Bobby Petrino loves freshman QB Lamar Jackson.
The gossip gained some heft, when, during interviews where the question of who would be QB came up, the head coach and his OC Garrick McGee would prevaricate about Jackson. You could see a light brighten behind their eyes, but their praise would be measured, their intentions as to how and how much they intended to use the super talented Floridian clouded.
Those paying close attention knew that rookie Jackson would be used, even in a stressful prime slot opener on CBS with SEC power Auburn.
What nobody could have expected, and, because of that, what Petrino had up his sleeve, was a roll the dice bit of first offensive snap trickeration.
Methinks the coach was a little too smitten. That play call was just too cute, a gimmick.
Reggie Bonnafon trots on the field as QB; Jackson also, somewhat unnoticed as a RB. Reggie goes in motion. Direct snap to the freshman. One apparently delivered too quickly by surprise starting center Tobijah Hughley. A bit of panic ensued.
Jackson threw into triple coverage down the sideline. And, like Teddy Bridgewater before him tossed a pick on his first college pass.
The War Eagles tallied soon thereafter, and the Cardinals had to climb up hill the rest of the afternoon.
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Petrino was similarly measured — coy? — when asked post-game if Jackson will be his QB moving forward?
With the possibility that James Quick might be out for awhile, perhaps for the whole season, depending on the severity of his leg injury, and with other injuries at wide receiver, here’s what many fans feel makes sense on this morning after.
Move Bonnafon to wideout. Actually the slot. Move serviceable Will Gardner and Kyle Bolin up a spot on the depth chart.
Live or die with Jackson running the O, abide his learning phase.
Of course, I have no idea if Petrino is thinking anything like that at all.
Nonetheless, one stint into his Cardinal career, Jackson is already being measured against the best U of L football player ever, Teddy Bridgewater.
Jackson is rawer. At this juncture, doesn’t have Teddy B’s sense of the game, or his quarterbacking instincts. Or, the current Viking QB’s football intelligence.
What Jackson does have is greater athleticism, more power, more speed, greater elusiveness and a stronger arm than Bridgewater.
It appears a given that U of L is going to have to trudge through another season with an iffy, on again off again O line. Petrino said he used LJ yesterday to offset that. Which makes sense that he’ll harbor the same inclination moving forward.
We’ll find out at High Noon Saturday, when Houston comes to Papa J’s.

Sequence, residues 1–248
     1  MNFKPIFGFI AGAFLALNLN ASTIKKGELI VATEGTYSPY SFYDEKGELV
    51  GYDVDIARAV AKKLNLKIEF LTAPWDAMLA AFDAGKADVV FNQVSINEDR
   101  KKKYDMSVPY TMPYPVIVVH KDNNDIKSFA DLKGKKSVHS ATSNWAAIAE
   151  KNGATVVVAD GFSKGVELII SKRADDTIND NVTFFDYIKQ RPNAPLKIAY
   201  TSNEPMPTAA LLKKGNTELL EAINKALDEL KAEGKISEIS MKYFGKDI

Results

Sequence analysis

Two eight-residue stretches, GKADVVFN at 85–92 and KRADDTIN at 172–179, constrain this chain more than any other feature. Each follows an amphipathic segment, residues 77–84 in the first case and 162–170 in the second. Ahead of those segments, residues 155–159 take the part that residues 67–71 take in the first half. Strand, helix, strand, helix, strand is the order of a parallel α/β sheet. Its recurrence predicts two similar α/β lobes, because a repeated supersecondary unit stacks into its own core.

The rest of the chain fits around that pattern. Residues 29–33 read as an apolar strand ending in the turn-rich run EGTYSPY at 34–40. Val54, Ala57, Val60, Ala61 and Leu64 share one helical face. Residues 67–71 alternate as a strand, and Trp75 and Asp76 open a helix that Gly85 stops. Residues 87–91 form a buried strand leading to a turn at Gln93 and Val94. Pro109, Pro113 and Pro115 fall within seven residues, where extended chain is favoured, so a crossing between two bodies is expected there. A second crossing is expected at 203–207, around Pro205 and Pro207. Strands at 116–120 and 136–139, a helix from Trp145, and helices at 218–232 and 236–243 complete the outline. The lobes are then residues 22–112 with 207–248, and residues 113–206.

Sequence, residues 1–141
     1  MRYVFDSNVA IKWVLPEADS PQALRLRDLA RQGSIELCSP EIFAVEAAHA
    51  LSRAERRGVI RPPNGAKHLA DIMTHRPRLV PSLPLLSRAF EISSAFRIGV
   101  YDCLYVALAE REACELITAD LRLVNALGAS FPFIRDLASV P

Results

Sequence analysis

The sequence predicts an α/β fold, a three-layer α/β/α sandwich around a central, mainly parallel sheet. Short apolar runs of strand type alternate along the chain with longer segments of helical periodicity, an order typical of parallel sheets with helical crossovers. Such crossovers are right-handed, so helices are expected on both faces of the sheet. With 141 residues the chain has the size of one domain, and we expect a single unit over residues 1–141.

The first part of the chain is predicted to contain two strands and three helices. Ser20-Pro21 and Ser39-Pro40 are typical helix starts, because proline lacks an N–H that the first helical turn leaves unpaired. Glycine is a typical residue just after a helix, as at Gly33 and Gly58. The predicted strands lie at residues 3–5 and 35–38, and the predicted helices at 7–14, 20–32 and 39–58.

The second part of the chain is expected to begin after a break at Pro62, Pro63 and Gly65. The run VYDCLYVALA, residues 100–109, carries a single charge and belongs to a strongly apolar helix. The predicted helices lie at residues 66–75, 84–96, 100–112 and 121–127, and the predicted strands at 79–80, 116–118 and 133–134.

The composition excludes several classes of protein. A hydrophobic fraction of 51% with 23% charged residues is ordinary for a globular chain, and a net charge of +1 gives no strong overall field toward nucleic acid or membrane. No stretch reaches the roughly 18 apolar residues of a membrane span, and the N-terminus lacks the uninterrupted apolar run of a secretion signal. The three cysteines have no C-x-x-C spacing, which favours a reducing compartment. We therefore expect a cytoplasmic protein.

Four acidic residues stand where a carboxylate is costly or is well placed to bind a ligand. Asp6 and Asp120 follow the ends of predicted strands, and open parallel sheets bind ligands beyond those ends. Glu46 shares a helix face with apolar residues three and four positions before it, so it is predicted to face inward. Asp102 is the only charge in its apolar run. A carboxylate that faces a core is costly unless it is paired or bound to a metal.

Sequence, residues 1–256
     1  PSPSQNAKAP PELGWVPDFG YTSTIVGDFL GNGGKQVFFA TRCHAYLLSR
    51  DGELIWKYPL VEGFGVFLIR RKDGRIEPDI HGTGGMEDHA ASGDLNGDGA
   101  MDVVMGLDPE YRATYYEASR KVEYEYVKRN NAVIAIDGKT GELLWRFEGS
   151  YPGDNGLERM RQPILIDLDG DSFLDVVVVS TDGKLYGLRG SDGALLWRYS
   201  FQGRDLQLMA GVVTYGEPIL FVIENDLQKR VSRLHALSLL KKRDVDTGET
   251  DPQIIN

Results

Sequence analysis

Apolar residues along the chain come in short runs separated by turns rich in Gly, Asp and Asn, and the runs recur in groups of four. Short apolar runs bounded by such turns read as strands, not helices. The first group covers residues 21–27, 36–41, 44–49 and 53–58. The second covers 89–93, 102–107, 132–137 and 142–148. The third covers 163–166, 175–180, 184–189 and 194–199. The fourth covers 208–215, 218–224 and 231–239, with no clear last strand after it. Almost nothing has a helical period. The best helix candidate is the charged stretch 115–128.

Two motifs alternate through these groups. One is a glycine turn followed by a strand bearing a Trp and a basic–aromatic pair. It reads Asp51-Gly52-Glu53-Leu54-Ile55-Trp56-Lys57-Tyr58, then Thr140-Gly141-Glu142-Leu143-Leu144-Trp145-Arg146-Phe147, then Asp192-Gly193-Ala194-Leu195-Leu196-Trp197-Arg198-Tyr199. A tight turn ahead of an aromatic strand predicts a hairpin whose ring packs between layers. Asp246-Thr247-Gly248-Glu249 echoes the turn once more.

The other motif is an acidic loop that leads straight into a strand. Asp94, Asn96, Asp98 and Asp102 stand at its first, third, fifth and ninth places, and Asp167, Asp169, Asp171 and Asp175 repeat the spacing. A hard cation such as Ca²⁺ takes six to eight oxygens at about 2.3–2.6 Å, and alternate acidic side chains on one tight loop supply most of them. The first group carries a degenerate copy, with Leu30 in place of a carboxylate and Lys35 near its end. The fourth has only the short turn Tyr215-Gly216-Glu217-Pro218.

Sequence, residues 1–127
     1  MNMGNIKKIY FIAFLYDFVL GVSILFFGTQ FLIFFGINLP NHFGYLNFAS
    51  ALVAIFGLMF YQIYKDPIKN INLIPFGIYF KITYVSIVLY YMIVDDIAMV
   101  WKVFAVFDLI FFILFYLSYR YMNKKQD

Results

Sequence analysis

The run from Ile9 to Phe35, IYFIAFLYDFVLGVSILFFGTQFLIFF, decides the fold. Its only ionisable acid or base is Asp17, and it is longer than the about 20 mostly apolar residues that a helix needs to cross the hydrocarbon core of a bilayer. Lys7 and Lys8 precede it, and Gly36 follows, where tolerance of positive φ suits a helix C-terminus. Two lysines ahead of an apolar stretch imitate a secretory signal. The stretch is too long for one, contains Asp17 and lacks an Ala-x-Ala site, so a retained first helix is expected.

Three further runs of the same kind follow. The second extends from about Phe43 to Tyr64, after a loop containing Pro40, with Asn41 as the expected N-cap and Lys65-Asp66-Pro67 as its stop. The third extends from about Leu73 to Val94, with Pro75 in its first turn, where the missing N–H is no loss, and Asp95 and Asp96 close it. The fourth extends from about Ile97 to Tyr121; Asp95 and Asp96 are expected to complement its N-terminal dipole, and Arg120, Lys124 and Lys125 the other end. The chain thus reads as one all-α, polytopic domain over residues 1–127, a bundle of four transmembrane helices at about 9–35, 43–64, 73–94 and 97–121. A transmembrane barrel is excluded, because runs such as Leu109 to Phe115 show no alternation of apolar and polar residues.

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The next Cardinal I feel compelled to mention is sophomore CB Trumaine Washington.
He was beaten badly on Auburn’s third TD, which resulted in the Cards falling behind 0-24, early in the 3d. Auburn WR Ricardo Lewis had him turned every which way, easily gaining distance to grab Jeremy Johnson’s 33 yard TD toss.
Minutes later, War Eagle Jason Smith easily beat Washington for a 56 yard reception/ TD. Which was fortuitously called back.
The Miamian somewhat redeemed himself with a coverage pick several plays later. That gain of possession resulted in the Cardinals’ first TD of the game/ season.
Washington was the Cards’ third leading tackler with 7, but I can’t shake those two plays when he was severely outfoxed.1
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I agree with Petrino’s assessment of the DL play:
Yeah, I thought we struggled a little bit stopping their run. I thought that I expected that we would stop their run a little bit more. They really pounded it at us in the second half and tried to use up the clock, but we did get turnovers. We did keep us in the game, and we made a lot of good plays, but we just weren’t consistent enough against the run.
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Louisville’s young/ new receiving corps showed promise.
Brandon Radcliffe started to git ‘er done after intermission.
But, to state the obvious. Lamar Jackson was/is the story.
If only for his performance on U of L’s final scoring drive. Which included a 35 yard bazooka strike to 6-6 Devante Peete on the first play. And a 12 yard 3d and 10 conversion to Traveon Samuel. And his 11 yard 4th and 7 scamper to keep the Cards hopes alive.2
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All things considered, I’m one Cardinal fan who is generally pleased with yesterday’s effort.
U of L had more total yards and first downs than Auburn, an SEC power generally regarded as being a legit national contender.
U of L persevered, overcoming some serious gaffes to make it a game. The Cards outscored its highly regarded foe, 24-7 over the last 36 minutes of the game.
U of L’s last four drives went FG, TD, TD, TD. While the D tightened up considerably, giving Louisville a shot.
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I loved Louisville’s smart looking, snappy white unis.
The helmets with the menacing Cardinal worked. Plus that seriously old school font for the player’s names on the jerseys. Classy.
Verne Lundquist and Gary Danielson are about as good as announcing teams get. Though, they were harsh on Petrino for calling that last timeout, they weren’t alone. I must admit that I too thought the clock stayed stopped until the next snap after the penalty.
Let me add my voice to those who have already opined, that wasn’t where the game was lost.
— Seedy K